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BACKGROUND AND INTRODUCTION TABLE 1.1 Postdoctorals in Graduate Institutions, 1981 Federally Non-Federally Total Supported Supported Chemistry 2870 2465 405 Physics 1450 1217 233 Mathematical Sciences. 99 56 43 This number excludes about 75 university-sponsored "research instructors" in mathematics. SOURCE: National Science Foundation; reprinted from National Research Council, Renewing U.S. Mathematics: Critical Resource for the Future (National Academy Press, Washington, D.C., 1984), p. 33. This situation developed during the 1970s, largely due to causes mentioned above. Rather than arguing for increasing Ph.D. produc- tion and hiring, mathematical sciences departments adapted to in- creased teaching responsibilities by expanding the use of graduate teaching assistants, thus freeing up some faculty time for research, but at the expense of providing quality research training for those enter- ing the field. The noteworthy productivity of mathematics researchers in 1984, as now, was at least partly due to a trio of singular events: the emer- gence of mathematics tools from World War II, the post-Sputnik alarms, and the ongoing expansion of the field as computer use widened the demand for mathematics. As the first two of those stimuli fade, the intellectual momentum they sparked is certain to run out. Just as today's mathematicians are prolific due in part to events and support levels of decades ago, tomorrow's mathematics will suffer because of the more recent underfunding and concomitant fading of career op- portunities. IMBALANCE IN SUPPORT FOR RESEARCH The interdisciplinary committee that wrote the 1984 Report quickly realized that problems resulting from insufficient research support for U.S. mathematical sciences were so severe that they threatened the entire scientific enterprise. Due to the enormous disparity in the number of people supported in the mathematical sciences vis-a-vis other sciences and engineering, the overall science and technology base was in poor balance, thus threatening its effectiveness. Revers- 15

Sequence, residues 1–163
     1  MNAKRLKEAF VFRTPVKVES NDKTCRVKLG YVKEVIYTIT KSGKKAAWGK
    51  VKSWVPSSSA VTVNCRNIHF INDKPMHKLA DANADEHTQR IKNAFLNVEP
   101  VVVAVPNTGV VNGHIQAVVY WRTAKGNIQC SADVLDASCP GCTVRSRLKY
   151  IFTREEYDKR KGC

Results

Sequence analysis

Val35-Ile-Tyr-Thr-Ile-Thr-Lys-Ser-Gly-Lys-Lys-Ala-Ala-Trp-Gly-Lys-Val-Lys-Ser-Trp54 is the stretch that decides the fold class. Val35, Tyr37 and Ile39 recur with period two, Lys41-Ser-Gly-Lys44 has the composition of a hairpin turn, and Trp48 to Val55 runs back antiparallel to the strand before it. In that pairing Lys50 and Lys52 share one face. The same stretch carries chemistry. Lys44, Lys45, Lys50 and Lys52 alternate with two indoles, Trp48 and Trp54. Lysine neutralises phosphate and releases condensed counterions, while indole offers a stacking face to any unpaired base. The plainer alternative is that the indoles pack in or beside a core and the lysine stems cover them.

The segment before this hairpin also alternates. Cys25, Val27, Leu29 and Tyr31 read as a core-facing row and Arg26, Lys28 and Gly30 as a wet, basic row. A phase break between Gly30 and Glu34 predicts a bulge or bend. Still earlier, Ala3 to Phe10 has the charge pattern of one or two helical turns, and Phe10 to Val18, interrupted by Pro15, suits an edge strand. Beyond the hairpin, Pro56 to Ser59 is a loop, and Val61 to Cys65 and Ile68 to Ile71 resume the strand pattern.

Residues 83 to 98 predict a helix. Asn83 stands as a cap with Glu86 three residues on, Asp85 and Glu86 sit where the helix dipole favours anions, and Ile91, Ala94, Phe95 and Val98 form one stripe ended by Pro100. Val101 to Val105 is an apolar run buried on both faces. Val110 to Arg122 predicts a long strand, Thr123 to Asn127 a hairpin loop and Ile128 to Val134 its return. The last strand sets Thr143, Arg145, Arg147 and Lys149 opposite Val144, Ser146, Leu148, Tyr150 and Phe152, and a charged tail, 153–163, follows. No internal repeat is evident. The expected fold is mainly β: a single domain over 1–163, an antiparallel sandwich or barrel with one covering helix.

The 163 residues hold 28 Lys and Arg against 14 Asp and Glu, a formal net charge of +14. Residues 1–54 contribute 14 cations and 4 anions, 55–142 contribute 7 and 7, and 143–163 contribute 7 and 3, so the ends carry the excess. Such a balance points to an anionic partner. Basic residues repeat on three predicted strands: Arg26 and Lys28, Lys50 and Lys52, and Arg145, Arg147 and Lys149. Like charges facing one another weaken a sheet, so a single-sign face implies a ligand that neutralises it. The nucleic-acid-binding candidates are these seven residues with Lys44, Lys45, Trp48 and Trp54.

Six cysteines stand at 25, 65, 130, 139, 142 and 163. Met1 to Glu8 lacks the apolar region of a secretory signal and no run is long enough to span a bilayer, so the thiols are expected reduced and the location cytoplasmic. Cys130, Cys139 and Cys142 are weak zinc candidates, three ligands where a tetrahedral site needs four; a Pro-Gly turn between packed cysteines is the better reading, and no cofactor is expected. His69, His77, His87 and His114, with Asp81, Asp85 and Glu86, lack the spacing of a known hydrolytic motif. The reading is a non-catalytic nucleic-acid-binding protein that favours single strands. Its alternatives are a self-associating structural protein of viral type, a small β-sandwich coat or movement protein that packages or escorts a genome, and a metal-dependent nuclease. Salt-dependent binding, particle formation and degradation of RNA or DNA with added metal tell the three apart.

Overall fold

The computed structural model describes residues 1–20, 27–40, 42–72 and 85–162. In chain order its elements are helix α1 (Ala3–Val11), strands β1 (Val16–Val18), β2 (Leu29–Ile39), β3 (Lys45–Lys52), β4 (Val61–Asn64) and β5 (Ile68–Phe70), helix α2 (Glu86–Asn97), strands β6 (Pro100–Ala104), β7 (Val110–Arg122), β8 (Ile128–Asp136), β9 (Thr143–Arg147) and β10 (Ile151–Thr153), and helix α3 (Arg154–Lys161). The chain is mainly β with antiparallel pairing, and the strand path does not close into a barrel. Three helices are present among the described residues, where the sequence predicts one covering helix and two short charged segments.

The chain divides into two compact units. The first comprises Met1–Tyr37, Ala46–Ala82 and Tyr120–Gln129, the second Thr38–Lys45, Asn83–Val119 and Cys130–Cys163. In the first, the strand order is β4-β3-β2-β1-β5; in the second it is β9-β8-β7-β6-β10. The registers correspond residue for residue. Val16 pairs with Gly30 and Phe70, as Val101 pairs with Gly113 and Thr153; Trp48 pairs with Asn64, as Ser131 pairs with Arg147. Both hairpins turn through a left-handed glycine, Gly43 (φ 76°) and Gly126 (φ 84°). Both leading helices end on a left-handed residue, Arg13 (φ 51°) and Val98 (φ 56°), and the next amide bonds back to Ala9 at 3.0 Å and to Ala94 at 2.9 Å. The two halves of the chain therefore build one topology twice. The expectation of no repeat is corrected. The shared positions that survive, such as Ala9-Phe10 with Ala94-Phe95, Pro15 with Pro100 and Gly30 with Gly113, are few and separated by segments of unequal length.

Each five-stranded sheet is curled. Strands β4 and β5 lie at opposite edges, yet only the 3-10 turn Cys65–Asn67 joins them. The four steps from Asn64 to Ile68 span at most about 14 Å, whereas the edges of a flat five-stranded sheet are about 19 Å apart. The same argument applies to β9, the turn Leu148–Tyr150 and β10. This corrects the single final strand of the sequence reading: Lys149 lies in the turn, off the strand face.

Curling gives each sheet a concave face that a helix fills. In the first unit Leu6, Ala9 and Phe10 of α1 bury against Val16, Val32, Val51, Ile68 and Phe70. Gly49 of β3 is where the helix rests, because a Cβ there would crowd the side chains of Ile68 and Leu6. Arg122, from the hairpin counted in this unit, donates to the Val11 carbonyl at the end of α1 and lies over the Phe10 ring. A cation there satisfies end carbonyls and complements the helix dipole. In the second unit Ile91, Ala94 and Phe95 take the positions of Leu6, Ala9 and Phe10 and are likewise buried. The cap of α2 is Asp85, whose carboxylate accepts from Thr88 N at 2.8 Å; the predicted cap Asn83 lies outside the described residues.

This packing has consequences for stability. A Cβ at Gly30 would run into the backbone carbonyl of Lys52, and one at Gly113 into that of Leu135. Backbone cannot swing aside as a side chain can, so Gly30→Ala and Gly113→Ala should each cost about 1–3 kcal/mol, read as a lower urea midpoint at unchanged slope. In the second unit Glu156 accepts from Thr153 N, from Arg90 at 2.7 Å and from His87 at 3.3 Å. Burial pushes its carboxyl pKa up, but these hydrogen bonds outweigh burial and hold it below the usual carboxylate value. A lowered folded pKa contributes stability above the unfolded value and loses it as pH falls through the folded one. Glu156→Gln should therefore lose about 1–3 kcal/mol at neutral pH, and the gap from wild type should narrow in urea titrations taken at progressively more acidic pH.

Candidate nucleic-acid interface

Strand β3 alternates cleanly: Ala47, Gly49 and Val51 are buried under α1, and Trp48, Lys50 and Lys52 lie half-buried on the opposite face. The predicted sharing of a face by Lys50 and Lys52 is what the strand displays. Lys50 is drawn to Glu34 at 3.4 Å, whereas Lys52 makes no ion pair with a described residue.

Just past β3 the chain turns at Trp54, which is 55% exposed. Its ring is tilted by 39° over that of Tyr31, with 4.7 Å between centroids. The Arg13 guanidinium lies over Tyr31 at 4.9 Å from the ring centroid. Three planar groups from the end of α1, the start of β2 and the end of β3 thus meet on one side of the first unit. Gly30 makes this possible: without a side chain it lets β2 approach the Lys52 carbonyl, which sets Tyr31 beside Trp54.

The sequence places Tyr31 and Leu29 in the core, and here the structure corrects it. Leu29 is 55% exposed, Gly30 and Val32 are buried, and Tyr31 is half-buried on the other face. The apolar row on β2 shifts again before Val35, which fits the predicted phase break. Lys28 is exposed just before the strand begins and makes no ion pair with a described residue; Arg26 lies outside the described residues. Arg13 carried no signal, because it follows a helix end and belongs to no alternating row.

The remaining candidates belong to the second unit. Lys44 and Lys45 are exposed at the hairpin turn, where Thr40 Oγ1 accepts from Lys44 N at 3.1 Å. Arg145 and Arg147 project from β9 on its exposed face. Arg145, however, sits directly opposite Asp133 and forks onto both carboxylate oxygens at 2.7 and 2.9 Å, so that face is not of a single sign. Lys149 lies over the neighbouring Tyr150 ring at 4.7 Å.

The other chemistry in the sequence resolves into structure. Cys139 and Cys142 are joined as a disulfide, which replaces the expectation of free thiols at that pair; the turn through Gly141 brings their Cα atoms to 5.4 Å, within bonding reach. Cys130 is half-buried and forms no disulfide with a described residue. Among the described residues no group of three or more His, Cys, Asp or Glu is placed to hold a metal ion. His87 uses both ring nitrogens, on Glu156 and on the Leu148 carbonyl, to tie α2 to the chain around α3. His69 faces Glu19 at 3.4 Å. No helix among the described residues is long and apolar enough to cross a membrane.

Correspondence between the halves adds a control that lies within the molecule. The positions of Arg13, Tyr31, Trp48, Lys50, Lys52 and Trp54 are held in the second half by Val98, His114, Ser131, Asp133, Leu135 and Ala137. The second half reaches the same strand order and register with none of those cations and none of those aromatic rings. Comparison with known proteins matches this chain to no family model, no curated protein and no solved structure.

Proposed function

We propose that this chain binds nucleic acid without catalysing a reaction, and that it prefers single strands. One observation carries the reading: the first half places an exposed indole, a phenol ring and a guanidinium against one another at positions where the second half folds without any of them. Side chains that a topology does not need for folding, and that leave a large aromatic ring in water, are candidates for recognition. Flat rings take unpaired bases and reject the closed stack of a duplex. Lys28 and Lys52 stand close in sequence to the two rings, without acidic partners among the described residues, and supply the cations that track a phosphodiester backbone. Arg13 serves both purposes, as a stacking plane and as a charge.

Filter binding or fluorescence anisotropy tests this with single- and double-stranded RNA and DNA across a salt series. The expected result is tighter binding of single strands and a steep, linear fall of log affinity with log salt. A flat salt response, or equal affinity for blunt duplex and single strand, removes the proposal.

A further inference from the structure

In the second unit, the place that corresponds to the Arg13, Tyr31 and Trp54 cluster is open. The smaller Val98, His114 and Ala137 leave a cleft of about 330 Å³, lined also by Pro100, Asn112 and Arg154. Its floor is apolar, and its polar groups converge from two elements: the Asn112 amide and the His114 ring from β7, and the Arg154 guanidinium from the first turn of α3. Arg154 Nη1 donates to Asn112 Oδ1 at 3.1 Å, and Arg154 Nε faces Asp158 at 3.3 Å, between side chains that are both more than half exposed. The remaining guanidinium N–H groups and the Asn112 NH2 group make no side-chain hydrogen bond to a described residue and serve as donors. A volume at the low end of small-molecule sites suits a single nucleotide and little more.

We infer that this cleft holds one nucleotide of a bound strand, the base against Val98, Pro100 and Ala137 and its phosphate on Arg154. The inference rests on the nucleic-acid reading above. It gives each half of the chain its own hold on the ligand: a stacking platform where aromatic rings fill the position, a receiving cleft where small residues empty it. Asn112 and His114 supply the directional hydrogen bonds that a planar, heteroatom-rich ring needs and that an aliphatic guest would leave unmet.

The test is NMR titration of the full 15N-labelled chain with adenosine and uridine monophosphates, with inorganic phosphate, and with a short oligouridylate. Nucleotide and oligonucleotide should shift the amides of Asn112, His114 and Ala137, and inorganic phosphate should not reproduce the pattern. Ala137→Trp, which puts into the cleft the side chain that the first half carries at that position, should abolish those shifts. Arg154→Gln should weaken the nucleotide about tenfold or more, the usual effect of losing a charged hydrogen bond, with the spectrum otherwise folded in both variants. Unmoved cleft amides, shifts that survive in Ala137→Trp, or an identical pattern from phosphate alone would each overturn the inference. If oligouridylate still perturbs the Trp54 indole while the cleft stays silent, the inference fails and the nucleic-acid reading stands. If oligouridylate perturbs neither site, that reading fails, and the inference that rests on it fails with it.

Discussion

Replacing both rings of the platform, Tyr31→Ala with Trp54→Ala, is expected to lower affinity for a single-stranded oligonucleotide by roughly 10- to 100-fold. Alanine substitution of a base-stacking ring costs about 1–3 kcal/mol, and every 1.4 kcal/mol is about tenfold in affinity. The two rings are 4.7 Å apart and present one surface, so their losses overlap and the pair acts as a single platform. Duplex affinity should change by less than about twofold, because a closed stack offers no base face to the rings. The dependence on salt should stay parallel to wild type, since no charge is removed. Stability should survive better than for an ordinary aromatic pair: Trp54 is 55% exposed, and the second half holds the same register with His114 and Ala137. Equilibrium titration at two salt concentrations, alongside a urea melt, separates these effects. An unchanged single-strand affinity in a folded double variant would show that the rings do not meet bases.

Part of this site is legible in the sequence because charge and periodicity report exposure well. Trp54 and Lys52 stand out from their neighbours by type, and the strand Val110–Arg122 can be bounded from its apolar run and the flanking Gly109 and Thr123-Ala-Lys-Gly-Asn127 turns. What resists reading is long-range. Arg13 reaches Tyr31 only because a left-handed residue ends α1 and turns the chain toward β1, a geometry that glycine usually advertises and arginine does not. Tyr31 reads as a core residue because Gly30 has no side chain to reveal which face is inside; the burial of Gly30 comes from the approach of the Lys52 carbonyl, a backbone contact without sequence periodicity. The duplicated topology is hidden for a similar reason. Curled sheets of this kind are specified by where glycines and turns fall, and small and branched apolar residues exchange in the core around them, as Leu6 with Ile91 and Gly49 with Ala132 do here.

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RENEWING U.S. MATHEMATICS ing the underfunding of the mathematical sciences was therefore necessary as much to restore a healthy balance to the overall scientific enterprise as to assure a healthy mathematics research capability. The 1984 committee concludecl that the extreme imbalance in the numbers of junior people involved in research, while partly attributable to the differing needs of laboratory and nonlaboratory fields, nonetheless indicated a distinct shortcoming in mathematical sciences researcher training. Without attempting to define "ideal" balance, that group was able to make recommendations for levels of supported research designed to restore balance. The actions of the mathematical sciences community and the federal funding agencies in response to the 1984 Report make it clear that they have accepted the conclusions that an imbalance existed and needed to be countered. Balance does not necessarily imply funding parity, nor the achieve- ment of equity between fields; rather, it implies supporting each field of science to whatever degree is required to keep it and the totality of science functioning efficiently. The 1984 committee saw the science and engineering disciplines as an ecosystem: while the components have different needs and roles, they must all function in a balanced way for the system as a whole to thrive. The present committee agrees with this analysis and believes that elimination of the imbalance documented clearly in the 1984 Report and still present, as demonstrated by Table B (Executive Summary) and Tables 2.3 and 2.4 (Chapter 2) of this report- is still the most pressing need of the mathematical sciences as a field. Since the argu- ments and underlying premises of the 1984 Report were widely ac- cepted, the present report does not reargue that case but instead refers the reader to the Executive Summary of the 1984 Report, reprinted in this report as Appendix A. THE 1984 NATIONAL PLAN The 1984 Report challenged the Administration and the Congress, the universities, and the mathematical sciences community to implement, through a decade or more of sustained effort, a national plan for re- newing the mathematical research enterprise in the United States. The seven principal elements of this 1984 National Plan for Graduate and Postdoctoral Education in the Mathematical Sciences discussed in Section IV of Appendix A called for the following: 16